Newspapers rally to protect press freedom by highlighting public disapproval for Max Mosley-backed regulator

Max Mosley is one of the key investors in Impress

The newspaper industry, represented by the News Media Association (NMA), is rallying to protect the freedom of press by attempting to illustrate public dismay against a Max Mosley-backed press regulator, while opposing a law that could see newspapers that refuse to sign up to the regulator pay libel costs even if a court case is won.

In a YouGov poll commissioned by the NMA, the majority of respondents opposed a press regulator funded by wealthy individuals and trusts, representing just 4% of the 1632 respondents. This is the model employed by Impress, first established in 2014 and bankrolled by former F1 owner Max Mosley and author JK Rowling, which became the first state-approved press regulator in October last year.

The regulator was set up in the wake of the Leveson Inquiry in 2011 as an alternative to Independent Press Standards Organisation (Ipso), the body which currently regulates the majority of the industry and is funded by its members. Ipso has been slammed by press reform campaigners for its lack of independence, claiming it is controlled by the very newspapers it regulates. However, in the YouGov poll published today (4 January), 49% agree with this funding model.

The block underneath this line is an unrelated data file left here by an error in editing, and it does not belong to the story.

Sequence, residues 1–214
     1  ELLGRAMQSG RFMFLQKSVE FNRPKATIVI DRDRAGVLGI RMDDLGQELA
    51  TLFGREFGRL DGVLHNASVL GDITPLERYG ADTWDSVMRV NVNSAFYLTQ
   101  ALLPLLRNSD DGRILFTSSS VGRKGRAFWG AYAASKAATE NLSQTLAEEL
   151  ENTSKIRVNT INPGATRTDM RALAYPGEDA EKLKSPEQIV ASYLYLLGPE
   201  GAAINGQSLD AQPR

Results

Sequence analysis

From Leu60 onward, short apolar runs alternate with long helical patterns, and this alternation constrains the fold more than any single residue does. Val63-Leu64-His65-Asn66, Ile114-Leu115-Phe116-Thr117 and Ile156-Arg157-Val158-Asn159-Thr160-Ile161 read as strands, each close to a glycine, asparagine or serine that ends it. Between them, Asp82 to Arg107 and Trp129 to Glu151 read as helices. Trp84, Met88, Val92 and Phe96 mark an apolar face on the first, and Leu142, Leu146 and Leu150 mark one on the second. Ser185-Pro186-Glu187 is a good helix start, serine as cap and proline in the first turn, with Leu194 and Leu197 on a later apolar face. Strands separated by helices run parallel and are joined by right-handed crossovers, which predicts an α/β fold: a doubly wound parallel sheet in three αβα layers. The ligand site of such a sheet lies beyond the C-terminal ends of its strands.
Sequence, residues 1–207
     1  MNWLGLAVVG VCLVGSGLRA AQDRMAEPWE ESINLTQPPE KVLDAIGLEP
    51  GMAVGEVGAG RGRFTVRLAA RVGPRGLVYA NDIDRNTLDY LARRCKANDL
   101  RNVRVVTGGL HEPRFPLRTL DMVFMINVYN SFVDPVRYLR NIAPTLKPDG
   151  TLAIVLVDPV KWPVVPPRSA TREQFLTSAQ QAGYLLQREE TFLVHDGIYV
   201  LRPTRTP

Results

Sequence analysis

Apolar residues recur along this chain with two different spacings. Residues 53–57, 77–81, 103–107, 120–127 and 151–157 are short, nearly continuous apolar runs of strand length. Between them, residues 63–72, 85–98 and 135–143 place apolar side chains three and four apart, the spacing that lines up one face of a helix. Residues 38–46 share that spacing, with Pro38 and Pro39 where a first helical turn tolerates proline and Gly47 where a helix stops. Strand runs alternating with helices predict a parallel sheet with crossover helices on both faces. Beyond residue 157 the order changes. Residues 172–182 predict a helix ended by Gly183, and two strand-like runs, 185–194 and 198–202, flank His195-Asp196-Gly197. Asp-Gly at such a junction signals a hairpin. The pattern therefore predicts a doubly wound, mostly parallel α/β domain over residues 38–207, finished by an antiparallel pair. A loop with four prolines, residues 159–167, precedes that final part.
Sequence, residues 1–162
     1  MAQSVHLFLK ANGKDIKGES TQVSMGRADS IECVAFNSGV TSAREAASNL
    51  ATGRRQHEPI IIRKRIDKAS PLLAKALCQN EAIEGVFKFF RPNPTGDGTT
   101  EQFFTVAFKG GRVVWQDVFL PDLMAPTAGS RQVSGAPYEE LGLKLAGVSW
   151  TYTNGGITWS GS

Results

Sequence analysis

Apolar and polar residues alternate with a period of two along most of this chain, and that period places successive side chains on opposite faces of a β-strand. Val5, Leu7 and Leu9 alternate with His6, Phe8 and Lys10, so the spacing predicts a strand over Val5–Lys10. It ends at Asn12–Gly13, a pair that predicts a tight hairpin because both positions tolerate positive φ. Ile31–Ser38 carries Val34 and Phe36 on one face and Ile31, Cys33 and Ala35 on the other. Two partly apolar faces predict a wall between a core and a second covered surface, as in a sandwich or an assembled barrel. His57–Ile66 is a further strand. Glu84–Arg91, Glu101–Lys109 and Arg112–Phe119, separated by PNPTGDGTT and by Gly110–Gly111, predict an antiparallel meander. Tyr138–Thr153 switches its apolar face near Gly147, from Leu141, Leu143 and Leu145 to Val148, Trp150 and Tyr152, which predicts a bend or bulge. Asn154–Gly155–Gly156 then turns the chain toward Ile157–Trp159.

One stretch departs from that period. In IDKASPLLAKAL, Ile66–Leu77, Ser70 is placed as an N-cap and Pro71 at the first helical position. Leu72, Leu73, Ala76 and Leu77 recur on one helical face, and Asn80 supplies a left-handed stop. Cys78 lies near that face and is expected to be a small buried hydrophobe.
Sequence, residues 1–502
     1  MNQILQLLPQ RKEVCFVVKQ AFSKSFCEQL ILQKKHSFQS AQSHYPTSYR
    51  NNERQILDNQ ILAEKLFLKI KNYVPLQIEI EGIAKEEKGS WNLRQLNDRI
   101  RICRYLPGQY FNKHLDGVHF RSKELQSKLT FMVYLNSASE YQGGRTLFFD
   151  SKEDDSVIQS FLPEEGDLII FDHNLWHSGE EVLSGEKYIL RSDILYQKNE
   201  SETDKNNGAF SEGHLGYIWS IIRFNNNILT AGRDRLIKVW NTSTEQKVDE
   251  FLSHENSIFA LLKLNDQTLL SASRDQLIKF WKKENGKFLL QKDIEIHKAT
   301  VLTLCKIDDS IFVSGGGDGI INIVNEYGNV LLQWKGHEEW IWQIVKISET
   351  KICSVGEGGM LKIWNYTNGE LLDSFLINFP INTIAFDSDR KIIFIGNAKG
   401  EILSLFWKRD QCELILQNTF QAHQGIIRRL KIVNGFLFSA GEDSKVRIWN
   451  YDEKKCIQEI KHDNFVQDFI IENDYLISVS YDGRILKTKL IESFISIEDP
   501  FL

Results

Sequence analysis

Rival regulator Impress has failed to sign up major newspaper brands who oppose its private funding model and Max Mosley specifically who “has had it in for the press ever since a newspaper revealed his sado-masochistic orgy with five prostitutes”, Metro wrote today.

Newspapers have expressed concerns about Impress’ so-called independence, and see it as a threat to press freedom in light of the Section 40 law that could see newspapers that refuse to sign up to the new regulator pay the legal fees of libel complaints, even if the paper won the case.

Such measures could force smaller brands out of business because of the excessive court fees they would have to pay, and could open the door for more people to mount defamation cases safe in the knowledge that the paper would have to pay court costs.

In its first opinion piece in its 17-year history, Metro called out the penalty law as “illiberal” and “illogical”, and expressed concerns about the future of newspapers across the country should the new law come into force.

Culture secretary Karen Bradley will have to decide whether to activate these regulations.

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